- This type of therapy may also be beneficial for children who have difficulty regulating their emotions or who experience a lot of anxiety.
- A therapist will typically provide therapeutic listening for a set period each day, typically for 30 minutes to an hour. The length of time that a child receives therapeutic listening will depend on his or her individual needs and goals.
If you are dealing with a specific issue, such as pain or trauma, therapeutic listening can also be an effective tool for healing. It can help you process difficult emotions, release negative energy, and find inner peace.
What Are The Equipments Used?
There is various equipment used in therapeutic listening. The three main pieces of equipment are:
- ILs (Integrated Listening Systems): It is a multi-sensory approach that uses sound, movement, and touch to improve brain function.
- SOMA: SOMA is an interactive platform that helps deliver personalized treatment by measuring the user’s response to different stimuli.
- BTE (Brain Training Equipment): BTE is a computer-based system that uses brainwave entrainment to improve cognitive function.
How Does It Help?
It helps in various ways:
Research suggests that this listening can improve attention span in both children and adults. For instance, one study found that children with ADHD who underwent therapeutic listening training showed significant improvement in their attention span and working memory.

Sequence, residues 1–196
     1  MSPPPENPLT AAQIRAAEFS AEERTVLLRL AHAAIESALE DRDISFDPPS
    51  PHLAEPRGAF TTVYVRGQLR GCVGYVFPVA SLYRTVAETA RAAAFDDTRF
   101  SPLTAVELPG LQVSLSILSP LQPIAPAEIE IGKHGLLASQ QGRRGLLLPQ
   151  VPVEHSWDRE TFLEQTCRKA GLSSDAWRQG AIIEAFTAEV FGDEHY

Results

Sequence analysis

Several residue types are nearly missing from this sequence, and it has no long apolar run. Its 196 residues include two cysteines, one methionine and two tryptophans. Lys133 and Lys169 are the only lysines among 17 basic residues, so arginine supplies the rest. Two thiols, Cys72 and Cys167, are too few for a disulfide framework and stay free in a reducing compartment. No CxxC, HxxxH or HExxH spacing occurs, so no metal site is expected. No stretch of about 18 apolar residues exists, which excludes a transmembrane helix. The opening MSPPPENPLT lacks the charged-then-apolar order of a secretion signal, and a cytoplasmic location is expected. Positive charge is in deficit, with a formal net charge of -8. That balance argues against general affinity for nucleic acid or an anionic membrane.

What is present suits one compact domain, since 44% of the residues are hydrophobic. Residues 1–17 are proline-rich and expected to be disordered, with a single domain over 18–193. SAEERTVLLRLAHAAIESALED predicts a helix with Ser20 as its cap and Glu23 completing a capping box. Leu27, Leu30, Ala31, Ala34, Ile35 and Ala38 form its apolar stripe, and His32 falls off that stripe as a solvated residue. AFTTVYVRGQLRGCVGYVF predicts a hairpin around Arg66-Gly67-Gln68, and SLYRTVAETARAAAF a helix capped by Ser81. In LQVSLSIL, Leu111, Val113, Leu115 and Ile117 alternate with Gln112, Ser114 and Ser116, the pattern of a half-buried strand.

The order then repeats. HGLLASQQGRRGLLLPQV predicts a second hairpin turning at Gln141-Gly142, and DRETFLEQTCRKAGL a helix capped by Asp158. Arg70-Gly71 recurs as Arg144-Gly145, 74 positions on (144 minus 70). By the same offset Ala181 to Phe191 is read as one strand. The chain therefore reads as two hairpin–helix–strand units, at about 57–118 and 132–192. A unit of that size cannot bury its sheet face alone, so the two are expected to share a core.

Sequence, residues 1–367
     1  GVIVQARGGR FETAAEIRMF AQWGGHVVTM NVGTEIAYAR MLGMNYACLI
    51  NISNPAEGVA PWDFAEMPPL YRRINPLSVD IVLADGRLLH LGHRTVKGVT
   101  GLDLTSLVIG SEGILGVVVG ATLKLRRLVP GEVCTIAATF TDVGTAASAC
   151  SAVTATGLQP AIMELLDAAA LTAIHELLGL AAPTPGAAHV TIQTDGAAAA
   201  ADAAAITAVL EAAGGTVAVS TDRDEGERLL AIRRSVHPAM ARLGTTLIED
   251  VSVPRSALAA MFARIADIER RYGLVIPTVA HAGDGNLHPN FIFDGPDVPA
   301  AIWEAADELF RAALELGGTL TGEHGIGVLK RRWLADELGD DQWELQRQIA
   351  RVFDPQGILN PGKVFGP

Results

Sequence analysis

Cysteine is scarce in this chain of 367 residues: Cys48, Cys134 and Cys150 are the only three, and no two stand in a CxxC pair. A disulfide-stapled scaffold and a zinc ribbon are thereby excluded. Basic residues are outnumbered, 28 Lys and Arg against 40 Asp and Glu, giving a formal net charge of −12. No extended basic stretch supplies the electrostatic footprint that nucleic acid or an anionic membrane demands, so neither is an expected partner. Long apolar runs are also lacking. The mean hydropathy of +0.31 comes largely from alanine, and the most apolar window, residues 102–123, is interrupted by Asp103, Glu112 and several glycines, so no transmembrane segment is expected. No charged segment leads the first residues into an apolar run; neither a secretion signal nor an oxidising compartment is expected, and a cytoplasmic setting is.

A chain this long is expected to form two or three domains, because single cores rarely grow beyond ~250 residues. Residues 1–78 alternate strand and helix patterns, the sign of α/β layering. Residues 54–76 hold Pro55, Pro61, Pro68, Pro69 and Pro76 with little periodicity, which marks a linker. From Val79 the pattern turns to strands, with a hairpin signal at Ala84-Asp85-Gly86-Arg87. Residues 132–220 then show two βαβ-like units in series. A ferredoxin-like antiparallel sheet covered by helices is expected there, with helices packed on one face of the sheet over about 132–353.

Improved academic performance
Studies have also shown that it can help improve academic performance. One study found that students who received therapeutic listening training showed significantly improved reading comprehension, while another study found that students who received the therapy showed improved math scores.
Several studies have shown that this can help improve behavior in children and adults. For instance, one study found that children with autism who underwent this type of listening training showed significant improvement in their social skills and communication. Another study found that adults with Alzheimer’s disease who received the therapy showed improved memory and cognitive function.
It has been shown to help improve social skills in children with an autism spectrum disorder. For example, one study found that after eight weeks of this type of listening, children with ASD showed improved social skills, including increased eye contact and turn-taking during conversations.
This listening can help improve communication skills in children with speech and language delays. For instance, one study found that after eight weeks of therapeutic listening, children with speech and language delays showed improved communication skills, including increased use of words and phrases.
It can help reduce anxiety and stress levels in both children and adults. For instance, one study found that anxiety-standardized attention test results improved following eight sessions of therapeutic listening intervention in children with ADHD.
If you are looking for a way to improve your overall well-being, therapeutic listening may be a good option for you.
This listening can help you in many ways. It can reduce stress, ease anxiety, improve sleep, and increase focus and concentration. It can also boost your mood and help you feel more optimistic.
It may be concluded that therapeutic listening is an effective intervention for a variety of disorders and can be used to help individuals improve their communication skills, social skills, and overall functioning. It can also be used to help people who are struggling with emotions or behaviors that are difficult to manage. If you are interested in learning more about therapeutic listening, please speak with your doctor or mental health professional.